• Volpone (the Big Fox) – a greedy, childless Venetian nobleman
  • Mosca (the Fly) – his servant
  • Voltore (the Vulture) – a lawyer
  • Corbaccio (the Raven) – an avaricious old miser
  • Bonario – Corbaccio's son
  • Corvino (the Carrion Crow) – a merchant
  • Celia – Corvino's wife
  • Sir Politic Would-Be – ridiculous Englishman. Probably partly based on Sir Henry Wotton
    Henry Wotton
    Sir Henry Wotton was an English author and diplomat. He is often quoted as saying, "An ambassador is an honest gentleman sent to lie abroad for the good of his country." -Life:The son of Thomas Wotton , brother of Edward Wotton, 1st Baron Wotton, and grandnephew of the diplomat...

    , and partly on the traveller, Anthony Shirley
    Anthony Shirley
    Sir Anthony Shirley was an English traveller, whose imprisonment in 1603 by King James I was an important event because it caused the British House of Commons to assert one of its privileges—freedom of its members from arrest—in a document known as The Form of Apology and Satisfaction.He was the...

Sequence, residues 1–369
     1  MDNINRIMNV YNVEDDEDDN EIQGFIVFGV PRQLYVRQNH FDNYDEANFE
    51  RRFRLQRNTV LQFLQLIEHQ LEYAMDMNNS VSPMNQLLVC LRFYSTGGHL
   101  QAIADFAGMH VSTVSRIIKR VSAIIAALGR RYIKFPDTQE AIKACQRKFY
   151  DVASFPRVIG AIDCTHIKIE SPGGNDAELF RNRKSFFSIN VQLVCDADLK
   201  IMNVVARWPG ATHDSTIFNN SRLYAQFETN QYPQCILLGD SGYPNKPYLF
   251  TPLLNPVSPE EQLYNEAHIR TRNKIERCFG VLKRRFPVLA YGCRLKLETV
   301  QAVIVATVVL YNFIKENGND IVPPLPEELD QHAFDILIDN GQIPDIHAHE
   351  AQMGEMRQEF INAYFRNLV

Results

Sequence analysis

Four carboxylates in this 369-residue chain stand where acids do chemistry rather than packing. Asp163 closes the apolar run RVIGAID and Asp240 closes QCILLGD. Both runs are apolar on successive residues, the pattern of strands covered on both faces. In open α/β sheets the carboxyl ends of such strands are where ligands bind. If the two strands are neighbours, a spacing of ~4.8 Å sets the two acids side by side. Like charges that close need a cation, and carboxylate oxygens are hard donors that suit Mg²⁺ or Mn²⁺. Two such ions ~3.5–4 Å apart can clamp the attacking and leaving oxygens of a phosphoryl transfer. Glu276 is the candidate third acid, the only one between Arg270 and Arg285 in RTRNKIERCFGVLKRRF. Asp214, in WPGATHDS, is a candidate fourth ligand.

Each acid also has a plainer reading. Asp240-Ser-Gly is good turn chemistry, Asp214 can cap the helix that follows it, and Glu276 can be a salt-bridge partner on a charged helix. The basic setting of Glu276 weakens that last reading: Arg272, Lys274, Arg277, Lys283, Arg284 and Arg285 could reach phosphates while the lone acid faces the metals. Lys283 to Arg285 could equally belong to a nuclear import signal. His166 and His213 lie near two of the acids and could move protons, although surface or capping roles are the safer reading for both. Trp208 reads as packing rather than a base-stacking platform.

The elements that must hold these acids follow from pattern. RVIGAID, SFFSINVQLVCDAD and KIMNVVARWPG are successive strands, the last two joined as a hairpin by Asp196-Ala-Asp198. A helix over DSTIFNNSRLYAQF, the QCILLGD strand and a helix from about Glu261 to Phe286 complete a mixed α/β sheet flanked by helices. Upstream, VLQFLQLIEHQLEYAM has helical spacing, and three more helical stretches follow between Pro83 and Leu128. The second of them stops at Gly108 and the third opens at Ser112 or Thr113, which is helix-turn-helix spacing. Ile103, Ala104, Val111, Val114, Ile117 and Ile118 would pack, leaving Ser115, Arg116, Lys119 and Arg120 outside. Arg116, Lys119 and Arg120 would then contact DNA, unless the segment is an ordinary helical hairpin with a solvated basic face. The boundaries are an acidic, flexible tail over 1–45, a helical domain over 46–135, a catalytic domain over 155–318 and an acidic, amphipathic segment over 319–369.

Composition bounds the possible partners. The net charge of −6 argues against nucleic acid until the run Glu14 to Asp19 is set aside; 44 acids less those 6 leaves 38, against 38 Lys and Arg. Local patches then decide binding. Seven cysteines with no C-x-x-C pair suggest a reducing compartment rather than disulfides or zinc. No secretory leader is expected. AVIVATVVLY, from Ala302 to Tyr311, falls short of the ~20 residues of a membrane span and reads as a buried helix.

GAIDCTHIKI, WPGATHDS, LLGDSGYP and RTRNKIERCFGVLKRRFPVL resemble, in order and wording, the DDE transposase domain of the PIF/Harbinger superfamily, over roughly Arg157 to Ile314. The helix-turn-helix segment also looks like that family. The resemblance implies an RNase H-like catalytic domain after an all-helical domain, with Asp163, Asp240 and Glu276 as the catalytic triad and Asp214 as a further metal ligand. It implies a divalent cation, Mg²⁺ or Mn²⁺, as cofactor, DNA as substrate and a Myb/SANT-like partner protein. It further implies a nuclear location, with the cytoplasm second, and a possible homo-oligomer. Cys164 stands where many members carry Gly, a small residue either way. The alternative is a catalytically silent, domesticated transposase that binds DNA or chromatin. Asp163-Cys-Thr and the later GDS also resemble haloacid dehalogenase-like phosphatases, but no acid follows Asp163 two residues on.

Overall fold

.
  • Lady Would-Be (the parrot) – English lady and wife of Sir Politic-Would-Be
  • Peregrine – another, more sophisticated, English traveller
  • Nano – a dwarf, companion of Volpone
  • Androgyno – a hermaphrodite
    Hermaphrodite
    In biology, a hermaphrodite is an organism that has reproductive organs normally associated with both male and female sexes.Many taxonomic groups of animals do not have separate sexes. In these groups, hermaphroditism is a normal condition, enabling a form of sexual reproduction in which both...

    , companion of Volpone
  • Castrone – a eunuch
    Eunuch
    A eunuch is a person born male most commonly castrated, typically early enough in his life for this change to have major hormonal consequences...

    , companion of Volpone
  • The Avocatori – the judges of Venice

Plot summary

Volpone, a Venetian gentleman, is pretending to be on his deathbed after a long illness in order to dupe Voltore, Corbaccio and Corvino, who aspire to his fortune. They each arrive in turn, bearing extravagant gifts with the aim of being inscribed as Volpone's heir. Mosca, Volpone's assistant, encourages them, making each of them believe that he has been named in the will, and getting Corbaccio to disinherit his son in favour of Volpone.